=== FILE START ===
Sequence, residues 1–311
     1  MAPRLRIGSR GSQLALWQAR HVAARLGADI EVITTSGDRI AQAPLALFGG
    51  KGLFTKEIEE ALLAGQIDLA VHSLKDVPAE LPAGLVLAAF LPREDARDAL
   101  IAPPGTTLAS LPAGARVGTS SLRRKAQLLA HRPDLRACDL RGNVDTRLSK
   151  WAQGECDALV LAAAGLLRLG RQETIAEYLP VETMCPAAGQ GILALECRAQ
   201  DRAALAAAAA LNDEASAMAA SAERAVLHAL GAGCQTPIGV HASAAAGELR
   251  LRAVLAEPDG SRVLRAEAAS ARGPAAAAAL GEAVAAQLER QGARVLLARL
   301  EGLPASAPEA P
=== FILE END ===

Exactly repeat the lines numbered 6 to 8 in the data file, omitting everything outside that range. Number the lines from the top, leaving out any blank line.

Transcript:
   201  DRAALAAAAA LNDEASAMAA SAERAVLHAL GAGCQTPIGV HASAAAGELR
   251  LRAVLAEPDG SRVLRAEAAS ARGPAAAAAL GEAVAAQLER QGARVLLARL
   301  EGLPASAPEA P